December 27, 2018
“I need love
Not some sentimental prison
I need god
Not the political church
I need fire
To melt the frozen sea inside me
I need love.”
– Sam Phillips
Image by Luke, Ma, “Love by Nature,” shared under provisions of Creative Commons Attribution License 2.0.
I started this year with a post focused on love, and this idea that 2018 would be the year of love. This thinking wasn’t offered through rose-colored glasses, but from a shared sense and conviction that love would be required to see the year through. And not just any kind of love. In that original post there were a few definitions and quotes that we have been playing with at IISC, including these:
“All awakening to love is spiritual awakening… All the great social movements for freedom and justice in our society have promoted a love ethic.”
– bell hooks
“Justice is what love looks like in public.”
– Cornel West
“To show compassion for an individual without showing concern for the structures of society that make him [sic] an object of compassion is to be sentimental rather than loving.”
– William Sloane Coffin
“Love is seeing the other as a legitimate other.”
– Humberto Maturana
December 6, 2013
“The ultimate act of love is allowing ourselves and others to be complex.”
VIDEO LINK: South Africans speak to the Meaning of Mandela
We join the world in mourning the passing of Nelson Mandela; a giant of a man; the very embodiment of the intimate link between power, networks and love. His grace and humility was unrivaled, his insistence on reconciliation was an inspiration to millions. Read More
December 20, 2011
We’ve been having a good conversation at IISC about ways to challenge and re-frame race discourse in ways that are truthful, loving, compelling, welcoming and so much more. Last week, I posted a video from Jay Smooth about shifting from a discussion about “being” to a discussion about “doing.” Let’s keep the conversation going.
October 10, 2011
The first person I met when I went to Dewey Square was a mom, about my age, who came down to see what her son was involved with. I have sons in this age range myself. Occupy Boston has me thinking a lot about what kind of elders we need and what kind of elder I hope to be.
In my college days, I had the privilege of knowing Bob Moses, of Freedom Movement reknown. He mostly spoke to us about issues of the day, always in a way that challenged our thinking and pressed us to think about what was calling our generation forward. He had taken a page from Ella Jo Baker’s book, focusing on building our capacity and confidence to shape our own agenda. We rarely talked about his Movement experiences and I was a little intimidated about asking a living legend about those days.
Early attempts to link Occupy Boston and community efforts focused on related issues have me thinking how best to share lessons and wisdom without squashing the enthusiasm of the younger folk. Younger folk—what kind of elders do you need? And older folk—what kind of elders do you want to be?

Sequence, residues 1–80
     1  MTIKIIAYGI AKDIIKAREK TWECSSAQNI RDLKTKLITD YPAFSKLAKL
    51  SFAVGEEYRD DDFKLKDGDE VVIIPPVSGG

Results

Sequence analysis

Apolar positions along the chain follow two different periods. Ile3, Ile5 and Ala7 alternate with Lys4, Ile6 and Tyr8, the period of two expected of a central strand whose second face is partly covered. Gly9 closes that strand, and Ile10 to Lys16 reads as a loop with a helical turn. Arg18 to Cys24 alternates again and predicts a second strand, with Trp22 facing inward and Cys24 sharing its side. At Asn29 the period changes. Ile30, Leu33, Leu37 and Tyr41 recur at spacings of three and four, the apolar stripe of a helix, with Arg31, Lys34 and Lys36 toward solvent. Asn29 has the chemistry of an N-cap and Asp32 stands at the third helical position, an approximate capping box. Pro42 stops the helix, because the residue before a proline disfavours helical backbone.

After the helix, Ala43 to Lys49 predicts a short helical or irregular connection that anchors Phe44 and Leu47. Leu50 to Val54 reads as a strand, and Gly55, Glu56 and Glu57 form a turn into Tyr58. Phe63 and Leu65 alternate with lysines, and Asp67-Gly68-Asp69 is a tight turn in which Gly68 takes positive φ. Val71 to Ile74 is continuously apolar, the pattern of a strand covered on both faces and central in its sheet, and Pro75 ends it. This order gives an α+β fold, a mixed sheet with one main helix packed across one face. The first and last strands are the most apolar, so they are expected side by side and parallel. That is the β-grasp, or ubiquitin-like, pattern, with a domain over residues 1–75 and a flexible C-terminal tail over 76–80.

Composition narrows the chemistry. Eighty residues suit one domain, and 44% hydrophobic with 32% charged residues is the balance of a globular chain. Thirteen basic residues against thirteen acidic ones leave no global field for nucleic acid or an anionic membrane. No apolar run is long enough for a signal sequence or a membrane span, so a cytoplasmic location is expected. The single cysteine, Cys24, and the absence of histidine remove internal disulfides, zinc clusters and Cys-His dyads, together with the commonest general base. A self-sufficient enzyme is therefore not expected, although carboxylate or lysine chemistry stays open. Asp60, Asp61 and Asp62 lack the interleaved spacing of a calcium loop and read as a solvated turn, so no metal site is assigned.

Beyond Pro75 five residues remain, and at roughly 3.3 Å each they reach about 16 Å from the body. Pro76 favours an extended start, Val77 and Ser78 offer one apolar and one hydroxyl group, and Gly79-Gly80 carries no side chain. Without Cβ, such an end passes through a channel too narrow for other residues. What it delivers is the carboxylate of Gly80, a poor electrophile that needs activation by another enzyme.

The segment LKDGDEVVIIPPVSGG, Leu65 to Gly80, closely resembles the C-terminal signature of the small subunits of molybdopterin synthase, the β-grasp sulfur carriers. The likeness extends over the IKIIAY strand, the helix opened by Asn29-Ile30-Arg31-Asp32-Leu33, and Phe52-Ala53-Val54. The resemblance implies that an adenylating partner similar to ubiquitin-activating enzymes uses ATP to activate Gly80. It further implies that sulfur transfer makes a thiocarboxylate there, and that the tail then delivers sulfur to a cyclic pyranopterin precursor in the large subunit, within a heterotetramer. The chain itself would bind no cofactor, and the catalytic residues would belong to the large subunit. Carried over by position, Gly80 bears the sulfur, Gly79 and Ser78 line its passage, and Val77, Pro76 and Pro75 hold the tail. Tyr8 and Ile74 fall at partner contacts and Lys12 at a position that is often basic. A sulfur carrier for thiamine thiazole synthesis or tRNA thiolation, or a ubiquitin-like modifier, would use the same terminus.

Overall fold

September 27, 2011
By now you have heard that Wangari Maathai has died. I feel especially blessed to have met this remarkable woman before and after she became known on the world stage.
September 1, 2011
Three years ago I had the privilege of helping to design and facilitate a convening of people in Maine interested in the power of networks for social change. The day featured many interesting presenters, including Michael Edwards who gave a provocative concluding talk entitled “Love and Networking.” His words have been coming back to mind of late, as I do work in different systems where networks are all the rage and we struggle to balance the more formal structural elements with the animating consciousness and connectivity that are the transformational juice. During this Labor Day holiday, I invite you to consider Michael’s inspiring words, excerpted from the fuller presentation, and add your own thoughts and reactions: Read More
August 2, 2011
Our first son was born on Saturday, he came two months early and he is AMAZING. Clearly I am gushing with joy, excitement and love! I have spent very little time with our baby (who hasn’t yet told us his name), but I am already enraptured by him – bonded, mightily connected. And isn’t that so much of what we talk about here on the IISC Blog? Love, connection – life, evolution. Read More
May 20, 2011
“To show compassion for an individual without showing concern for the structures of society that make him an object of compassion is to be sentimental rather than loving.”
– William Sloane Coffin
May 16, 2011
Photo by: vincentevanpig
I was just talking to a scientist friend of mine. He told me, and I quote, that “unfortunately, in science, we fail 95% of the time, we inch along towards a breakthrough.” There is a lot of good talk about failure lately, but I don’t think I had ever heard it this way before. When I heard him say that I felt like I wished it was a widely known fact. Read More
May 13, 2011
“I write because I am a Black woman, listening attentively to her people”.- Maya Angelou, 1984